Right on cue

Whether it’s football, yoga or healthy walks, a Lancashire project is using physical activity to help homeless people turn their lives around

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When Miles Gorton’s mum was facing eviction he came to her aid, only to end up homeless himself. Gorton, 29, had been working on fairgrounds and travelling round for most of the year, only stopping with his mum for a couple of months.

He quit his job to ensure his mum could find a place in a hostel in Burnley, but then he too ended up homeless and sofa surfing with friends until a Blackburn hostel offered him a place.

While living at Canterbury House he met Scott Sheridan, project worker with Active Lancashire’s Challenge Through Sport Initiative, CSI. Now he’s turning his life around.

He attends Blackburn College where he is studying for a Level 2 gym instructor qualification and wants to complete his Level 3. He is hoping to set up football matches between residents from the town’s homeless hostels and hopes to become a coach.

“I had a problem with drinking when I was younger but drink and drugs don’t matter to me anymore,” says Gorton. “I just want to get my life on track.

“Getting involved in this project has made me feel happy and proud of myself. I am looking forward to getting more involved and being able to help people out as much as I can.”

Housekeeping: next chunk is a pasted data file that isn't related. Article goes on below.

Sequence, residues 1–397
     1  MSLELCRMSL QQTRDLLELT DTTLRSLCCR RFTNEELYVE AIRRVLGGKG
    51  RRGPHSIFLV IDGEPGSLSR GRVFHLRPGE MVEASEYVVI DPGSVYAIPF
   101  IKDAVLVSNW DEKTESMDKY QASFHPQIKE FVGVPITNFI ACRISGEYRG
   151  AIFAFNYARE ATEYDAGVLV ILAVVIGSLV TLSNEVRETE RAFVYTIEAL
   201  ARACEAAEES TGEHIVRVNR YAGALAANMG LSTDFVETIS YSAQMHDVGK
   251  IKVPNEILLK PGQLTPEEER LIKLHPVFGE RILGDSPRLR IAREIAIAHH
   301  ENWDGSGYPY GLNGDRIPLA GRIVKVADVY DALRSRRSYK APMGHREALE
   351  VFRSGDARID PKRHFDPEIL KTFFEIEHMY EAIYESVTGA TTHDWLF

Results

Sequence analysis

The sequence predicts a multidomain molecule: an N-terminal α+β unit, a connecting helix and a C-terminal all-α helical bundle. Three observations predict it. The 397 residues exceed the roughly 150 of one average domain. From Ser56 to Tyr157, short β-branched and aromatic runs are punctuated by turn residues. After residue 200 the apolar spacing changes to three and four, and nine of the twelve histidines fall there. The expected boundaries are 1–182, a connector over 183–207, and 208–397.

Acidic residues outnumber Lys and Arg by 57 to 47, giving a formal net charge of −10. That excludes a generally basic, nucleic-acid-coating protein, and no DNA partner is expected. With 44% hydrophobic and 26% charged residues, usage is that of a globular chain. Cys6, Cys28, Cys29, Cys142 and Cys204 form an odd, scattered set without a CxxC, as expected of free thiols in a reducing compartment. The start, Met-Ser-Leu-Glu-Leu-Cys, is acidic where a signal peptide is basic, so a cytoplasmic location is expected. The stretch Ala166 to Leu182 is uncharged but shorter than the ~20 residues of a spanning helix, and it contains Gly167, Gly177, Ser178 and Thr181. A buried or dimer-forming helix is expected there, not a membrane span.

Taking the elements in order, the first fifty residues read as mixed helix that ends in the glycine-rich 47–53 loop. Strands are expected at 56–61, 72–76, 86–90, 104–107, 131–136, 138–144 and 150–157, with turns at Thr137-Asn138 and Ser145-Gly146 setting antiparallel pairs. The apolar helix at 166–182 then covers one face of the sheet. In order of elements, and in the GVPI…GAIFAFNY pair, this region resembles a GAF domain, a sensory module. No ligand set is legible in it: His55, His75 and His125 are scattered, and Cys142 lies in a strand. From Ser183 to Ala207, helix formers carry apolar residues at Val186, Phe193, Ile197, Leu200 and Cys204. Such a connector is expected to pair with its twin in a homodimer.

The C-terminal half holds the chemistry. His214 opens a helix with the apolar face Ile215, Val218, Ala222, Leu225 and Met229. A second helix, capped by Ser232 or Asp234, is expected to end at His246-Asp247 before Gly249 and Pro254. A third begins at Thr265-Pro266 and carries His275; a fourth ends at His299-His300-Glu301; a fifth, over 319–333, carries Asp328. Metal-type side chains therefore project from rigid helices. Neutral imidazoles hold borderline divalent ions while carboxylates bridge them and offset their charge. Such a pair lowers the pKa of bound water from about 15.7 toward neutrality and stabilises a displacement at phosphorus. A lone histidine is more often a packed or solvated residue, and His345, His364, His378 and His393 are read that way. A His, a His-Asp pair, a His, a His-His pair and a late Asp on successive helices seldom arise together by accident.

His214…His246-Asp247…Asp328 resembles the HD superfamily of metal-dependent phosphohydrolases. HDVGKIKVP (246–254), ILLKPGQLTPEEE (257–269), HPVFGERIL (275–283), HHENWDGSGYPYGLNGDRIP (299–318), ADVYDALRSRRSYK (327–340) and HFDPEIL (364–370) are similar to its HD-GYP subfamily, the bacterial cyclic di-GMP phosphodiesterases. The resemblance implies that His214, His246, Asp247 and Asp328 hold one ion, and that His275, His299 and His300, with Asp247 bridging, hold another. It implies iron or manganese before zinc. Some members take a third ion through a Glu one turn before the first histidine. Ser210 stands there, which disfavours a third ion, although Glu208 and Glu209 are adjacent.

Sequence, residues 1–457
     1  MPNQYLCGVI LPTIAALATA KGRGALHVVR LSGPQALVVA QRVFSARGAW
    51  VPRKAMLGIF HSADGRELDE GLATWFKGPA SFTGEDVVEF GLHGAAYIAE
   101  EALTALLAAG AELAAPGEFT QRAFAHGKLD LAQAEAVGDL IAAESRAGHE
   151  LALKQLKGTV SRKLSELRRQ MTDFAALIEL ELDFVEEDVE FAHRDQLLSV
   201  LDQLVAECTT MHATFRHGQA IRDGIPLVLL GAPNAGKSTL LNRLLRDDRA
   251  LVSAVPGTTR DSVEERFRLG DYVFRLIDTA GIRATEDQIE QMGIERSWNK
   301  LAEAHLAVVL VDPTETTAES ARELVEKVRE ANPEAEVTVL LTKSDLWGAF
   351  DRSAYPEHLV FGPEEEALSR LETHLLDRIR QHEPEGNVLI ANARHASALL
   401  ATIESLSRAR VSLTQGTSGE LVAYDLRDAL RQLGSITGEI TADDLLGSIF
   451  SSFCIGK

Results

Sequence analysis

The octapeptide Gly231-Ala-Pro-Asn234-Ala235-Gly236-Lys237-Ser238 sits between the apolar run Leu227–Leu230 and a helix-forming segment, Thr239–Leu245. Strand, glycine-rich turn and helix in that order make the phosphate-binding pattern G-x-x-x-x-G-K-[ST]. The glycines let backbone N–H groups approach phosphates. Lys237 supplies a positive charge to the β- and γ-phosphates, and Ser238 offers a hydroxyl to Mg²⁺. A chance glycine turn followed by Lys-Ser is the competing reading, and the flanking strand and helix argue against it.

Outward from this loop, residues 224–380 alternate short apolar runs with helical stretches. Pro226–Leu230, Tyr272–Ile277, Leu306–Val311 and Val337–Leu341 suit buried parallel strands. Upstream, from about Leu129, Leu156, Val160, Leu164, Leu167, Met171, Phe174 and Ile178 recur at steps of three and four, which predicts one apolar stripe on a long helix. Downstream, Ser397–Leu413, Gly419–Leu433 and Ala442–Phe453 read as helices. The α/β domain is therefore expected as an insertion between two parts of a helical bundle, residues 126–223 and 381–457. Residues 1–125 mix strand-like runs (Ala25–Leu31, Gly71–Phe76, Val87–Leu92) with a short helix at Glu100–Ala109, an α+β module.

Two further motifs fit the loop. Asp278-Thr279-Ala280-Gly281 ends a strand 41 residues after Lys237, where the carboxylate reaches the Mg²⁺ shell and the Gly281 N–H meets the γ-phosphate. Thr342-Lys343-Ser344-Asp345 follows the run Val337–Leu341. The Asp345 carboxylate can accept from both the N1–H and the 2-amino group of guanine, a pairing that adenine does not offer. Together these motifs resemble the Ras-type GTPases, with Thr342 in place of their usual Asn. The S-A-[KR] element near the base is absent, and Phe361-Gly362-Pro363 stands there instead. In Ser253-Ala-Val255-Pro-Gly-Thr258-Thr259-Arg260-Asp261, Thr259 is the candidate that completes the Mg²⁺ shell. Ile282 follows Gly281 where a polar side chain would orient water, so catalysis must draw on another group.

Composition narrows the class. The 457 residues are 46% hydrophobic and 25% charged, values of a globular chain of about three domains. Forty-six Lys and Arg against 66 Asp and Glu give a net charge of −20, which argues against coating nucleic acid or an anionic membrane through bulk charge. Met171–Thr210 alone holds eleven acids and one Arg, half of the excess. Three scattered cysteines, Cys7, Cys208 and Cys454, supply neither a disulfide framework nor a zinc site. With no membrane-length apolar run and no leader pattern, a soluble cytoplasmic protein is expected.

Support workers have each fought their own battle and can relate to their clients

When CSI was launched as a pilot project in 2014 its aim was to assist adults with drug and alcohol problems but now it also works with people who have mental health problems through projects in Morecambe, Fleetwood, Lytham, Skelmersdale, Blackburn and all across East Lancashire.

CSI offers everything from yoga and football, exercise on prescription and healthy walks to one-to-one help and job opportunities. Support workers have each fought their own battle and can relate to their clients.

Sheridan, who runs the project in Blackburn, Accrington and Oswaldtwistle, says: “I began taking drugs as a teenager and then ended up getting into criminality to fund my habit. In total I have been in prison for 12 years.

“I was institutionalised. I would be in prison where everything was done for me and then into rehab, where everything was done for me, but I never learnt self-reliance and self-responsibility. I was never learning how to be me.”

He put himself on the 12-step Narcotics Anonymous programme and got involved with the CSI project in Oswaldtwistle, first as a client, then a volunteer. Now he has been employed by Active Lancashire for almost a year.

Sheridan says: “I work with recovering addicts and run football sessions at Blackburn’s Soccerdome for residents from the homeless hostels.

“In Accrington I organise walks and we are starting exercise on prescription where people will get free gym sessions.

“In Blackburn at Shadsworth Hub, the community centre, we run chill and chat sessions and people who come along can play pool, table tennis, cards or dominoes. We also have yoga and we can have up to 15 people attending, including six men and four children, so participants are aged from nine to 60.

“I am looking at setting up parent and toddler sessions and am going to approach the pensioners living nearby to see if they would like to use the centre to tackle social isolation.”

Gorton and his friend Lee McKay, who struggled with cocaine addiction, are now living at Auxilium House and are hoping to soon be given a two-bed flat so they can live independently.